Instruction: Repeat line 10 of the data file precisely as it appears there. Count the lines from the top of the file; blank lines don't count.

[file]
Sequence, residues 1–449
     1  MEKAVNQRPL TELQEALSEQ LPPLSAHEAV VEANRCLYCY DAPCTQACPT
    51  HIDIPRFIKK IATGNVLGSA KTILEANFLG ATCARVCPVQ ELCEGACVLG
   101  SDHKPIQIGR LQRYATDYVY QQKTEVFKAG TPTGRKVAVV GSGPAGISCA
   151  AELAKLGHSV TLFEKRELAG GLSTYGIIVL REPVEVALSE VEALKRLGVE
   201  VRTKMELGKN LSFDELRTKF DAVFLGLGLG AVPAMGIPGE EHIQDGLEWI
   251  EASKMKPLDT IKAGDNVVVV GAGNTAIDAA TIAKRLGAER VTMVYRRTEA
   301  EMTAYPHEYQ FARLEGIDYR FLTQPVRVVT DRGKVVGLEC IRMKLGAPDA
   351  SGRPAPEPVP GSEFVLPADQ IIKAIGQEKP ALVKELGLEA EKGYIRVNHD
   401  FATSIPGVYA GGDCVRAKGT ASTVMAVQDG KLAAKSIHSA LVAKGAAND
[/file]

   401  FATSIPGVYA GGDCVRAKGT ASTVMAVQDG KLAAKSIHSA LVAKGAAND